A quick review of tonight’s “Sons of Anarchy” coming up just as soon as I bring you my dead bulbs…
“Can’t get any worse.” -Piney
“Sons of Anarchy” has to walk a very tricky line between making the Sons – as individuals and as a group – empathetic and people we want to watch for 13 weeks a year, season after season, and just making it a show about a bunch of lovable, misunderstood outlaws who may be bad, but are never as bad as the people they have to kill. For a while, I worried that “Una Venta” was going to be one of those episodes that waved away everything that Clay and Jax are up to by comparing it to the similar, but worse, activities of a fellow charter. Instead, though, the two bad seeds in the Tucson charter are identified and punished, but the charter itself votes to keep selling meth, because the money’s too good and they can’t afford to draw any kind of high-handed, meaningless distinction between transporting the stuff and selling it directly. And while Jax and Clay can lie to themselves about what they’re doing, or the reasons for doing it, or the implications of it, it’s clear that they’re no better than their brothers from Arizona(*).
(*) Note the high percentage of Latinos in the Tucson membership. While the Juice storyline introduced last week didn’t come up here, Kurt Sutter did a blog post about the issue – and the way that motorcycle clubs draw a distinction between being Latino and being black. Interesting stuff, but something the show needs to clarify in extreme detail before we go too much further with the Juice story – and which, frankly, should have been introduced before Roosevelt told Juice about his dad. Extra-curricular info is great, but the show itself has to convey the necessary info. (There were similar issues last year with the origins of SAMCRO and SAMBEL, which Sutter has always gone into in greater detail on his blog, apps, etc.)
A few of you have compared the cartel deal to the Strike Team’s attempt to rob the Armenian money train on “The Shield,” and that comparison became plainer than ever in this one with the scene where the Sons stand around the crate of cocaine, pondering what they’ve just gotten themselves into. On the one hand, this coke represents more money than any of them have ever hoped to make with the club. On the other, the level of danger they’re putting themselves in, and the things it says about them that they’re part of a club that’s doing this, seems to give pause to those who voted “yes” and an added layer of “toldja so” to the nay votes like Bobby Elvis.
We get a brief moment of Romeo and Luis alone, discussing their feelings about the Sons, and when Luis asks if they can trust the Sons, Romeo replies, “Much as we need to.” This could be the cartel boys just being pragmatic about what could be a short-term relationship, or it could be Romeo plotting to cut the Sons out of the gun trade when the time is right. But no matter what his intentions are, I don’t see any way this deal ends well for SAMCRO – and not just because Kurt Sutter would like to make three more seasons of the show after this one.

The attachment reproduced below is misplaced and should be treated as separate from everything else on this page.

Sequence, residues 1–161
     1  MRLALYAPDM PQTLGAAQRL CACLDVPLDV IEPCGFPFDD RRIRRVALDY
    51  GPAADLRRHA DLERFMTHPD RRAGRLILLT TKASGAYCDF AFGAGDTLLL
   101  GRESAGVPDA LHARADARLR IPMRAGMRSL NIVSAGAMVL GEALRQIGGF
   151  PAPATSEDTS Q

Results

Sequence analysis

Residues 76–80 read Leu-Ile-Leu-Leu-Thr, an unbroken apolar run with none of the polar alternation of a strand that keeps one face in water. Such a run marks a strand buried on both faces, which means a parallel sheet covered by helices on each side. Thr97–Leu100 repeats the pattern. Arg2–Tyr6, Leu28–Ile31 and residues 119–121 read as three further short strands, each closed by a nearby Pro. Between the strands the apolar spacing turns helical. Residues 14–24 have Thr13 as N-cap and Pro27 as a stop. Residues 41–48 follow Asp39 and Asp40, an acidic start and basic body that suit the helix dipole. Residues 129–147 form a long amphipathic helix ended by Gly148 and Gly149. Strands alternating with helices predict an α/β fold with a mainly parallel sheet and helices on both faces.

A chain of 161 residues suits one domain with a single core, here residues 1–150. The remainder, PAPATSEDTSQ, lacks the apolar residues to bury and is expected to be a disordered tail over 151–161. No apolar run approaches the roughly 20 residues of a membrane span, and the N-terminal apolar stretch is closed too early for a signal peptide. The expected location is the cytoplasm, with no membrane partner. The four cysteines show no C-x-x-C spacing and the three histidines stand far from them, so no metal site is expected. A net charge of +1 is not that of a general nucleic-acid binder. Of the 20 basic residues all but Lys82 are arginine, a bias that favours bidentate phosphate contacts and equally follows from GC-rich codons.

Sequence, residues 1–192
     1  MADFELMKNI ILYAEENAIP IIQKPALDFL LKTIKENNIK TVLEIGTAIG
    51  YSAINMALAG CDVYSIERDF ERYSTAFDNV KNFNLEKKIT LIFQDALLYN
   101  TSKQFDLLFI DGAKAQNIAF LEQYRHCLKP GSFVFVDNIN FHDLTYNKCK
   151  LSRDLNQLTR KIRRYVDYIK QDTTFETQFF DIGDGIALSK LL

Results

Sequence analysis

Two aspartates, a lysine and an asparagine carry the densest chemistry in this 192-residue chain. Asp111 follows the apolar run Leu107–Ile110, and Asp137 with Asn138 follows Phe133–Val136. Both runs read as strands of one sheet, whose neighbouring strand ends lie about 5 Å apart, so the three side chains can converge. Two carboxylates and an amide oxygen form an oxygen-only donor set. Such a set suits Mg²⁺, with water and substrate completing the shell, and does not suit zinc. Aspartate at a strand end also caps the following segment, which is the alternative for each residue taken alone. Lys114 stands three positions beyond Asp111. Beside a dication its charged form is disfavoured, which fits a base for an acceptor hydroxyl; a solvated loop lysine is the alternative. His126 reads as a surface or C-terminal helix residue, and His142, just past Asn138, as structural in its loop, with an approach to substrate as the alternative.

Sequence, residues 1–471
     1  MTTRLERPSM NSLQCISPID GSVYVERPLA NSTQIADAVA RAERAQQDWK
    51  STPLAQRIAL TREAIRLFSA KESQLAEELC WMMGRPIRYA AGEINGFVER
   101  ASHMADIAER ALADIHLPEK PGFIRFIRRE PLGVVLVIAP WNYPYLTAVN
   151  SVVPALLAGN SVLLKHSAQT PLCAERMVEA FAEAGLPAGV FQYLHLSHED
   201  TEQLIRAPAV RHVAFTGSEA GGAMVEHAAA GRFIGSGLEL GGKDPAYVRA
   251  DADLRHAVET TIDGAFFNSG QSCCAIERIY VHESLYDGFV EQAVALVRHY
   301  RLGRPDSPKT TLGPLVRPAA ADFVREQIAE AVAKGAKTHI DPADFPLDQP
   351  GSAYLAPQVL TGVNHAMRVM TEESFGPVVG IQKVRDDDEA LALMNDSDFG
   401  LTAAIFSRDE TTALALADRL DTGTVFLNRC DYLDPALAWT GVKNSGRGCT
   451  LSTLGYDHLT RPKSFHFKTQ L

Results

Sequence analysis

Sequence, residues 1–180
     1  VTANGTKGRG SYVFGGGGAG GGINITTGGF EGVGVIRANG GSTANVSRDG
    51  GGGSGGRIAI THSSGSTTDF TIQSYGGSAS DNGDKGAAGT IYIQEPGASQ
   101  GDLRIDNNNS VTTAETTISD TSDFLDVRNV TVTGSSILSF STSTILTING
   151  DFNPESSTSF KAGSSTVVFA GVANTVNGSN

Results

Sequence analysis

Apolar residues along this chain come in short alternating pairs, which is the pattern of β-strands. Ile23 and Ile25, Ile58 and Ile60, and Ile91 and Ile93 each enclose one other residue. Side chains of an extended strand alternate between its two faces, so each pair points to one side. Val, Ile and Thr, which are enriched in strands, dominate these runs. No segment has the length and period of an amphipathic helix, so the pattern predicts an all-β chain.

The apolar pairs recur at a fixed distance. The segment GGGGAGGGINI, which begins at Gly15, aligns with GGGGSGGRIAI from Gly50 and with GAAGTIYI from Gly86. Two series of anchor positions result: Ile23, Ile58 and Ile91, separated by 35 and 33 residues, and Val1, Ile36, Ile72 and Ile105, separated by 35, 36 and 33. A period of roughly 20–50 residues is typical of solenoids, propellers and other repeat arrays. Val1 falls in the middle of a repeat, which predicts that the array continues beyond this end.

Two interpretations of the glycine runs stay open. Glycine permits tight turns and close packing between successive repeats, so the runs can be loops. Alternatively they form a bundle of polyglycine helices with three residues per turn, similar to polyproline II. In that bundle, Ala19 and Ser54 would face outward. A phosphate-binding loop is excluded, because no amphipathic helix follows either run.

Strong episode. Maybe my favorite of the season so far.
Some other thoughts:
• Loved the staging of the scene where Potter tells Big Otto about his dead wife having sex with Bobby, with Otto – so wounded physically and emotionally from all the things he’s endured since the series began – just lying their quietly in the dark, barely moving at all, finally letting a single tear come out after Potter leaves, but not even attempting to look at photos he doesn’t want to see and probably couldn’t given the lighting conditions and his eyesight. (Also good to have that murder – a dangler from season 2 – finally brought back up again.)
• Potter’s stirring up trouble on multiple fronts this week by telling Gemma about Jacob Hale’s deadline for losing the eminent domain rights, which he no doubt hopes will make Gemma and/or the Sons act recklessly.
• One of the first season’s most memorable episodes involved the Sons administering justice on a former member who dared to keep his SAMCRO ink intact. Here, with former Tucson member Reggie, we see that the simplest way to avoid such punishment is to have those large tats completely blacked out.
• Is it my imagination, or has the show been doing more motorcycle chases so far this season than in any comparable four-episode stretch (particularly early in a season) to date?
• So Piney wants to go up against Clay not only to save the club, but to perhaps give himself a more dignified death than the emphysema will? Interesting.
• Even with the compressed timeline of each season, the show has been dropping so many hints about Clay’s arthritis making him unable to ride that I have to wonder if he’ll even make it through the season without falling off his bike – and, in the process, his throne.
• Potter notes that blowing up a grease truck doesn’t seem to be the SAMCRO style, but it definitely fit the kind of bleak but beautiful Southwestern landscapes that “Breaking Bad” – a show that’s blown up a truck or 20 in its time – utilizes so well.
What did everybody else think?